Why run for 1L Senator?
Well, I ran for Senator and FYC President. I’m a big believer that if you’re in an elected position, you should do all you can do. I have a pretty expansive background in student government—at my undergrad, I was in charge of allocating over twenty-one million dollars to various student services, groups, and clubs.
As a 1L Senator, what are your plans?
Community is very important to me. People should feel that they can rely on one another and I want to make sure everything we do is geared towards involving the 1Ls as much as possible.
Let’s do a lightning round!
Favorite place in Charlottesville?
Shenandoah Joe on Preston.
Watching reruns of American Horror Story.
If you could live anywhere, where would it be?
Estes Park, Colorado, because I love it. The mountains are so beautiful and it never gets above 70 degrees in the summer. If I had all the money in the world, I would open a bookstore in Estes Park and never have a concern in the world.
What is your least favorite sound?
The sound of people popping their joints. I once broke my ankle and it made the same sound. I can’t hear people pop their joints without getting a twinge.
Where’s a place you’ve never been, but would like to go?
Probably anywhere in Asia. I’ve been to a lot of places in Europe and traveled a lot of the United States. Thailand. I’ll say that.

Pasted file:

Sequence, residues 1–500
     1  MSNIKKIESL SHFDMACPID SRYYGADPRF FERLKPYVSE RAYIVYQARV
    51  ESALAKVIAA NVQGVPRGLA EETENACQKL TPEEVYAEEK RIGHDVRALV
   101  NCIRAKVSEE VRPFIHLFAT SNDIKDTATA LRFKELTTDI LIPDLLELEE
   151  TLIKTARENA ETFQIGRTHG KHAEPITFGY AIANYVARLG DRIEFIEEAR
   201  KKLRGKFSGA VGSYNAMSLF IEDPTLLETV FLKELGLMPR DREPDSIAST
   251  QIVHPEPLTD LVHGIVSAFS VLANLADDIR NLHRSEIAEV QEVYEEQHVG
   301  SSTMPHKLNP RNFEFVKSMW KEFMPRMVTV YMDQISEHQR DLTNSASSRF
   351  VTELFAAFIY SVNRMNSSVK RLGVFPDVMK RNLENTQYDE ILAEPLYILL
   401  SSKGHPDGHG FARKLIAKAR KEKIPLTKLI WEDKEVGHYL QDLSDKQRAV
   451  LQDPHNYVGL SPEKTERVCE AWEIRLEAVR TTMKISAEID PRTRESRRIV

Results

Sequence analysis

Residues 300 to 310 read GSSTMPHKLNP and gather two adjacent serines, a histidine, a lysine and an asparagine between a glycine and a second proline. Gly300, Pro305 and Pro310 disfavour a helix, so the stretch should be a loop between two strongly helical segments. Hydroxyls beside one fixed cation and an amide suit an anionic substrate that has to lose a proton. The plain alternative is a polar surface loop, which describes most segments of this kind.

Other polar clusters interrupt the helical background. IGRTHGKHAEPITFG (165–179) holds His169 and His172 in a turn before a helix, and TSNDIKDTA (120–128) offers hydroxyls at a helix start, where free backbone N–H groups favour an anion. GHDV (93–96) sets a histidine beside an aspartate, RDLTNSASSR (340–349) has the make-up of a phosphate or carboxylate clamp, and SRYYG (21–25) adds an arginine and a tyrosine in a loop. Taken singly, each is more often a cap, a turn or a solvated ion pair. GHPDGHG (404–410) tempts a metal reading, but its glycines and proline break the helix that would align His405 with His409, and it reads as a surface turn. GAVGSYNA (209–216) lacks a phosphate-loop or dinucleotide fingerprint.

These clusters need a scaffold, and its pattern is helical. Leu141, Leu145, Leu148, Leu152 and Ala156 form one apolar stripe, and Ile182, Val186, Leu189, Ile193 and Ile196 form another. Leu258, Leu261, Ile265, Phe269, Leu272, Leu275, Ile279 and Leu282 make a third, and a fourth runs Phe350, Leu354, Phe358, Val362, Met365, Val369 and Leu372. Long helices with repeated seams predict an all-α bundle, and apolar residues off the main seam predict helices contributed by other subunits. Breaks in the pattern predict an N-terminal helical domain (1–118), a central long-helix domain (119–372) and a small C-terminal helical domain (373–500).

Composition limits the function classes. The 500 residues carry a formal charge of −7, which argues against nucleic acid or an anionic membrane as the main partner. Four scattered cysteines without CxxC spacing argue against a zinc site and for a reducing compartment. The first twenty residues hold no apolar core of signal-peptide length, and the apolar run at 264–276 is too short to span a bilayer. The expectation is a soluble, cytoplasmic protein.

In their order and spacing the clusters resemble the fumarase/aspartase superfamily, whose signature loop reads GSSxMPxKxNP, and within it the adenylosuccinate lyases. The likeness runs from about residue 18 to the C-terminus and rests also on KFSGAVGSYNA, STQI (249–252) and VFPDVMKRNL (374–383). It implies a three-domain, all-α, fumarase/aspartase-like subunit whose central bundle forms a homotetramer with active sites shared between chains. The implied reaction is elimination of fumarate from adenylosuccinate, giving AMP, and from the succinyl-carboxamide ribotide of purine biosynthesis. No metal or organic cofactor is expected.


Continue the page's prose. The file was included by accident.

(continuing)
What do you like to do for fun?
I like to go to the movies. I used to go 2-3 times a week. I also like watching TV to think about the production of it and I critique it in real time. People hate watching TV with me.
What’s one movie that left an impression on you?
Heathers, I also love the musical.
If you won the lottery, what would you do with it?
I would probably open my own media company that would be a progressive answer to Fox News. If I won a lot of money, I would use it to produce movies.
You win enough money to produce one movie. What’s your movie about?
It’s about a student government election that takes over two days. And it’s about three people vying for the student body presidency, and it’d be based on my own experiences about how truly vicious that can become.
“Student Government,” but that feels really basic. Maybe, “SBP” for Student Body President. Genuinely unsure. That’s a post-production problem.
If you could pick one song to play in the background of your life, what would it be?
Proud Mary by Tina Turner & Ike. Tina always goes first.
If you could make one rule that everyone had to follow, what would it be?
I would require everyone to have a three-day driving-course from me, in which I instruct them on how to put their foot down on the gas and go. “Efficiency and Driving with Chance Maginness.”
What’s your favorite thing about the Law School?
The availability of cold brew every day and getting to say hi to Mandy. I literally survive on cold brew. It runs through my blood. I come to ScoCo every morning without fail. Sometimes I come back mid-day.